The Happy Couple, February 7, 2012, 10:04pm, f/5.6, 1/13, Canon T3i
For this I decided to take the background color and replace it. It’s easy: Image > Adjustments > Replace Color. Then you choose the color you want to replace, adjust sliders to capture the most of that color you can without grabbing any other color, and then adjust sliders to choose which color you want to change it to. For this I went with a brownish background. I’m just imagining the possibilities with a green screen!
Self Portrait, January 8, 2012, 9:35am, f/5.6, 1/50, Canon T3i
When trying to decide which portrait to enhance, not having talked to anyone about Photoshopping them, I decided “my Facebook profile pic is a blurry piece of crap and maybe it’s time to fix that!” So I set up my camera, pointed it at the couch, got some focus, and set the timer. Because I have a T3i, the screen could rotate towards myself so I could set myself on the thirds. Then I cropped to focus in on my face more and did some enhancements. I whitened my sadly non-white teeth, removed some blemishes, and did a little airbrushing (but not much, I didn’t want to make myself look like a fashion magazine). Then I just got rid of the distracting windowsill above my head and a very stray and noticeable piece of hair!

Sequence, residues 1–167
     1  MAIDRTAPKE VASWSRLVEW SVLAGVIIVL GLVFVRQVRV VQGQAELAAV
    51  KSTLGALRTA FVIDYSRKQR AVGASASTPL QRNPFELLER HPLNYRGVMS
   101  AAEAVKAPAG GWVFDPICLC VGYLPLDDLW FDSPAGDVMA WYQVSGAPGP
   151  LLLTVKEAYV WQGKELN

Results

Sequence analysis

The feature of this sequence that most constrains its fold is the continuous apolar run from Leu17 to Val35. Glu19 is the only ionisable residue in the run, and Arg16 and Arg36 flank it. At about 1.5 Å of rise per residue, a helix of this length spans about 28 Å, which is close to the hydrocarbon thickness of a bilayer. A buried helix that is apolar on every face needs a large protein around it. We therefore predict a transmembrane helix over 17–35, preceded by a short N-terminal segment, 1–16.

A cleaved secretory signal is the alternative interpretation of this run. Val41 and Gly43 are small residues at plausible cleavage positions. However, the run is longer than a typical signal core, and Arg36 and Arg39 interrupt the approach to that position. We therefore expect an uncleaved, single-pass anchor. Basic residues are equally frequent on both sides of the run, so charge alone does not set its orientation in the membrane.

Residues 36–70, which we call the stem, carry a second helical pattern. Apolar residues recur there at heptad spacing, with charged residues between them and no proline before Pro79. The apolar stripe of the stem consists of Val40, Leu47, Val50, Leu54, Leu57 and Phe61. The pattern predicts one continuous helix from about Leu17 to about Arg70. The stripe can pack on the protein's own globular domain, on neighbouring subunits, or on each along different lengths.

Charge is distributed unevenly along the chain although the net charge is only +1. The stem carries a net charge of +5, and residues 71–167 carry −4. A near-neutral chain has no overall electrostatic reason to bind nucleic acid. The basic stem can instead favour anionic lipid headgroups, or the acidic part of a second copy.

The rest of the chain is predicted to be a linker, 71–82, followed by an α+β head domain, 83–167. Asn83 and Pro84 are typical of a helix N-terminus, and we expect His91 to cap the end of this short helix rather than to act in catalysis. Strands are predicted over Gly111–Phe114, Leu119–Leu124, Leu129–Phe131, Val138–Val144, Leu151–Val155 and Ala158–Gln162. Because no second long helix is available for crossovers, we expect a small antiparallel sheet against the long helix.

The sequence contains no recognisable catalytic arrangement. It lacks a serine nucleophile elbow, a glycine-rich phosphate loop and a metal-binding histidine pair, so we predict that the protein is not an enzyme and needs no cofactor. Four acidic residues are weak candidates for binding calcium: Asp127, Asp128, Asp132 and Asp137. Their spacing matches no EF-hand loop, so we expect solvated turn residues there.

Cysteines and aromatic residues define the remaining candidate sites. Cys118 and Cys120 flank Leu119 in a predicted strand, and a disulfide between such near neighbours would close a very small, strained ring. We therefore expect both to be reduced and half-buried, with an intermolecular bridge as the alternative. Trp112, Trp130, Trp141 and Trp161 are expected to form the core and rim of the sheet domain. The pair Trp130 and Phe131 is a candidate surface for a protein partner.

The Adobe Camera Raw Plugin is AMAZING!
“Moose Macro”; January 23, 2012, 10:33am; Rexburg, ID; f/5.0; 1/30; Canon T3i
I adjusted brightness and light to make the photo look good. Then I used an adjustment brush to paint on the sides of the moose, defocusing and lowering brightness and exposure significantly, while leaving the main part of the moose untouched. All in Camera Raw. (Edited from a JPEG.)
“Flower”; January 21, 2012, 10:57pm; Rexburg, ID; f/4.5; 1/13; Canon T3i
Again, Camera Raw plugin using a JPEG. I first made the picture a little more balanced (using the auto setting in Raw), then I used an adjustment brush to bump up the clarity, saturation, and brightness and exposure of the flower, almost giving it a slight halo.